Career options as a registered nurse
- 0Sep 27, '08 by hulloFor someone thinking about a career in nursing...what are the career options if you don't want to work in a hospital setting? Everyone says that there are so many opportunities in nursing...but everything seems like it is hospital based. From what I have heard, doctors offices hire medical assistants or LPN's vs RN's. I have been accepted into a BSN-AT, right now, I am just finishing up some pre-recs. I often wonder if a career in nursing is for me if I don't want to work in a hosptital. Are there really that many more options in this career field?
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- 0Sep 27, '08 by snowdog85As a student many hours are spent working in a clinical setting such as a hospital. Have you gotten to that point yet? I guess my biggest question would be what interest do you have in nursing? What has drawn you to want to be a nurse. In NY state I believe most nursing jobs require at least one year of med/surg on a unit before most employers will consider you for other areas. yes there are many areas that an RN can work. Research, teaching, school and public health, not to mention all of the industrial mills, prisons and long term care facilities, but I think before any of those options open up a nurse should spend time on a medical unit.Last edit by snowdog85 on Sep 27, '08
- 0Sep 28, '08 by dragonflyRNMany physicians or physician groups still hire RNs. I currently work for a group of cardiologists. They employ 6 RNs at this point and we are growing. We also have 6 medical assistants. We have 2 triage RNs, a case manager RN, a EP RN, a office RN, and a testing RN. I do testing and run the coagclinic.
- 0Sep 28, '08 by shodobeThis is like saying "I want to work in law enforcement but don't want to be around criminals or plumbing is for me but but I hate working in sewage"! There has to be some patient contact somewhere along the line. Avoidance of patient care is really unavoidable. You are going to have to realize that some time spent with sick people will benefit you in the future. You might as well call your self a techician instead of a nurse if you don't want to take care of sick people. There are many career options in nursing for those who choose this path, but they still all start out taking care of sick people in a hospital setting. This is a good time to step back and evaluate why you want to be a nurse. You'll never know how many people went through the stress of nursing school only to find out it wasn't for them. Nothing wrong with it. Most jobs that pay well are associated with hospitals, but there some out there that are of adminstrative workings. Talk to your school advisor or contact the ANA for some info. Good luck.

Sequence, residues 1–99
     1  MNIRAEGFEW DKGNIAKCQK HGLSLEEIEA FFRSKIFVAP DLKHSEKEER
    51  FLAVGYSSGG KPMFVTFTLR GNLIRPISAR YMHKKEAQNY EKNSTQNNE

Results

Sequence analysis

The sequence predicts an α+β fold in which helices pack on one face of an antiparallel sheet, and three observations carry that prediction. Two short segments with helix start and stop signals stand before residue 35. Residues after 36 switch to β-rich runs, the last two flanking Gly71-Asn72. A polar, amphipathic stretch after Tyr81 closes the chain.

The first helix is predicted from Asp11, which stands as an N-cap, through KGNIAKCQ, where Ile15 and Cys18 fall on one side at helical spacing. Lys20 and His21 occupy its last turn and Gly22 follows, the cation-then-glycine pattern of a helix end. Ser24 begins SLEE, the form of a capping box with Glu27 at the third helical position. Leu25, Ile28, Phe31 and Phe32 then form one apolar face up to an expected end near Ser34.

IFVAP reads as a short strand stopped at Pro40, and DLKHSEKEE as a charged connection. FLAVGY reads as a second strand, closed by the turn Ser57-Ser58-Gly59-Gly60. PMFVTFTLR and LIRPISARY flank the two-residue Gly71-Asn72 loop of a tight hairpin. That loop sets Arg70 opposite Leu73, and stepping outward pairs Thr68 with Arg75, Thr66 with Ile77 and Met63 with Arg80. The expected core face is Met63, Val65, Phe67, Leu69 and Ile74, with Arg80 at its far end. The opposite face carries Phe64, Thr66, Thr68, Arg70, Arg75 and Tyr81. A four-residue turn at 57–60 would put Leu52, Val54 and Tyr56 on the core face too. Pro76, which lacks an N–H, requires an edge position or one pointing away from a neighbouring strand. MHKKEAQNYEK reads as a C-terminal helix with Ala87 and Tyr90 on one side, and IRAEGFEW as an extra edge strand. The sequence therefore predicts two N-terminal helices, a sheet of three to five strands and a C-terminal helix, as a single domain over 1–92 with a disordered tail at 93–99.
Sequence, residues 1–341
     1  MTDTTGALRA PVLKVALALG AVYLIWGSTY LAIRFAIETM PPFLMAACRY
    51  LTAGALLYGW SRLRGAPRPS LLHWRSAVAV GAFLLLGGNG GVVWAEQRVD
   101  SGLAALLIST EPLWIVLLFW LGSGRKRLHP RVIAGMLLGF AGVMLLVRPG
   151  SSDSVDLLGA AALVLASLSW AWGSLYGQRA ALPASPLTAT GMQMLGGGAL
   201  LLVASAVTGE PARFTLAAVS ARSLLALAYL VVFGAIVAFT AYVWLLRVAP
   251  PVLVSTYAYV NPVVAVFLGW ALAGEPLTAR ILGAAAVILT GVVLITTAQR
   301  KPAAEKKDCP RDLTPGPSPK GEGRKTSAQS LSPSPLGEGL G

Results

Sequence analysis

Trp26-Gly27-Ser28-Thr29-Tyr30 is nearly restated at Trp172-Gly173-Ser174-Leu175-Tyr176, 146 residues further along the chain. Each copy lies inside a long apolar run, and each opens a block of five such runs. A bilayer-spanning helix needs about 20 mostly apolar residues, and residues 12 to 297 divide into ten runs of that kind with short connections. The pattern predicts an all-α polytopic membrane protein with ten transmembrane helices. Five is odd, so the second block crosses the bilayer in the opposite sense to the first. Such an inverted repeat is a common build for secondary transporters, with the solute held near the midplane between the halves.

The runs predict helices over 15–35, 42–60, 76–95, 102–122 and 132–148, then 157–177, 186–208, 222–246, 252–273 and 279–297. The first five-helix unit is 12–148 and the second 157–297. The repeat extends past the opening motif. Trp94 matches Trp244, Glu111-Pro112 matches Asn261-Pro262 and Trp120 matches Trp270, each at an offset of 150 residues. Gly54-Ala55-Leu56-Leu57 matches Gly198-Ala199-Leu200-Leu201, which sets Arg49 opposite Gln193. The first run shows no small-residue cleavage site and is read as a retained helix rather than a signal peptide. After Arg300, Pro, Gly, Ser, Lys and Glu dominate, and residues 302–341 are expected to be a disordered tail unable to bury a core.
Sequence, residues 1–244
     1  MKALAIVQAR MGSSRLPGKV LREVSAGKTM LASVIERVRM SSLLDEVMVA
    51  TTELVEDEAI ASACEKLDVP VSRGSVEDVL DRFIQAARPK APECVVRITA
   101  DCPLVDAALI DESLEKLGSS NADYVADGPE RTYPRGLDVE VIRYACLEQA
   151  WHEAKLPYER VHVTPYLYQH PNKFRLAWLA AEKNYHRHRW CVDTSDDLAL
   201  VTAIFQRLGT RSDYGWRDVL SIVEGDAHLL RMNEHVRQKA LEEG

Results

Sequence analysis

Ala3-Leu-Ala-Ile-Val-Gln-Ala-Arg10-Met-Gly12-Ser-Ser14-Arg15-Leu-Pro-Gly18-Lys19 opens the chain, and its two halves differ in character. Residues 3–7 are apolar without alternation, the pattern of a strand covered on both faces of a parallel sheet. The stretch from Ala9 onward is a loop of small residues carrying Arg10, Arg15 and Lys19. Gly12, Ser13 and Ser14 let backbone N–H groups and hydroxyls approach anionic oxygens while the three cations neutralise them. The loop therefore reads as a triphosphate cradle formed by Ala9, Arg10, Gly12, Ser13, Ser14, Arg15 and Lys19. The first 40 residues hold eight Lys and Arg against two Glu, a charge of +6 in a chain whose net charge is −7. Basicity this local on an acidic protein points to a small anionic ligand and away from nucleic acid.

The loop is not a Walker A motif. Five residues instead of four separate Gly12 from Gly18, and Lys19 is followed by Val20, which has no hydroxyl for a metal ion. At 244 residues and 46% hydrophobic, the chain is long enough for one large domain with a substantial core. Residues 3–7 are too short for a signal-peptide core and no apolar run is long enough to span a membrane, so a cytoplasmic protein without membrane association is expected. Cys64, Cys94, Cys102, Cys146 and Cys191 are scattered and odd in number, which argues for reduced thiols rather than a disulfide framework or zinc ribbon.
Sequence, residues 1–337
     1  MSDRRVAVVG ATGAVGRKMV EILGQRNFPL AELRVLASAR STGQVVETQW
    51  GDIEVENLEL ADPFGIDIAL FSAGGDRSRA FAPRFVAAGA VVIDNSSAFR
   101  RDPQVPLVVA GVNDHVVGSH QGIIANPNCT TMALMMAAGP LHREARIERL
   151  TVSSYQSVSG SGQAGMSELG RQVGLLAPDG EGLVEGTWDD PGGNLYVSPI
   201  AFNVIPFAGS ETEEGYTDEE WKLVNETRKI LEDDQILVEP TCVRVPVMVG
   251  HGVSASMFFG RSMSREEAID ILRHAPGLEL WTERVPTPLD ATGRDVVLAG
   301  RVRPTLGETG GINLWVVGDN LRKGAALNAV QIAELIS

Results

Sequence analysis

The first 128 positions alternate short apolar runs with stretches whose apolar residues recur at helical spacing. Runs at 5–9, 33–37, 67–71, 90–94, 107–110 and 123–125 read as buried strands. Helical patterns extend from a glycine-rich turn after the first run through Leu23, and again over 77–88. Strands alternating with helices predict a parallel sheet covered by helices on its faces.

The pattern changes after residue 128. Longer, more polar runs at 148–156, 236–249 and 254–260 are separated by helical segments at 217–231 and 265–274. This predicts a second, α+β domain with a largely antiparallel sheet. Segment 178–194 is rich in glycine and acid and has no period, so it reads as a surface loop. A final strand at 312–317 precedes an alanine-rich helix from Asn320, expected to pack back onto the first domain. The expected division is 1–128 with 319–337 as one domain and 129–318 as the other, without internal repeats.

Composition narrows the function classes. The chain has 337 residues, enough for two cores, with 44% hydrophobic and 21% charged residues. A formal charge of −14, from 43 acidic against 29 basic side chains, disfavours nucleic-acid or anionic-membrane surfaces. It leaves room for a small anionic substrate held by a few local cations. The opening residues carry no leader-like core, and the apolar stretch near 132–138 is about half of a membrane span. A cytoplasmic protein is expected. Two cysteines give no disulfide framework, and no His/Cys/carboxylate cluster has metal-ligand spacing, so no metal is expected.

- 0Sep 28, '08 by NRSKarenRN AdminMoved your thread to our Career Advice forum......see links at the top especially
Nursing Career websites: discover types nursing positions or career alternatives
There are many more options outside hospital walls today for nurses to practice and flourish with the prediction by 2025 more healthcare workers employed outside hospital settings from clinics to wellness centers, out patient surgery, insurance companies, schools, NP clinics, Program of All-inclusive Care for the Elderly (PACE) centers, SNF's, ALF's, Public Health....the list is endless.
- 1Sep 30, '08 by jjjoyIn my view, the nursing as a profession as a whole is of two minds on this. Many strongly believe that at least of year of hospital experience is needed to essentially "complete" one's nursing education before moving onto other areas of nursing. Others strongly believe that hospital experience is NOT needed to work in other areas of nursing. So you likely won't find a clear answer to your question.
You'll have to decide what's best for you based on what information you can get.
If you're the type of person who can go out there and make a job work, then you could probably find a niche in nursing without hospital experience after graduation. If you're the type of person who prefers more structure and guidance when starting out in a new job/line of work, then it would be more difficult to find that outside of bedside care as a new grad.
A nursing degree is sort of like a college degree in that it opens the doors for many jobs, but it doesn't guarantee that you'll get the job you want or that you'll feel prepared or competent for the job you want. A college degree is a minimum requirement for many positions, but a college grad without work experience will likely only be considered for entry-level office work, not marketing manager or design editor etc, though those might be ultimate goals. Of course, there are exceptions.
A nursing degree is a minimum requirement for many positions but a new grad without much experience will likely only be considered for entry-level bedside care. There are exceptions, of course. And with the high demand for nurses, experience requirements may at times be reduced.
Some people go into nursing with the plan to become an NP or public health nurse or some other non-bedside nurse. And some make it happen without working bedside. But if you can't find the job you want or get into a grad program right out of school, bedside is pretty much the default option til what you want comes along.
It's great that you are thinking about this! There are many graduates of nursing programs who leave the profession after just a few years. Of course, there are also many who make a satisfying, lifetime career of it.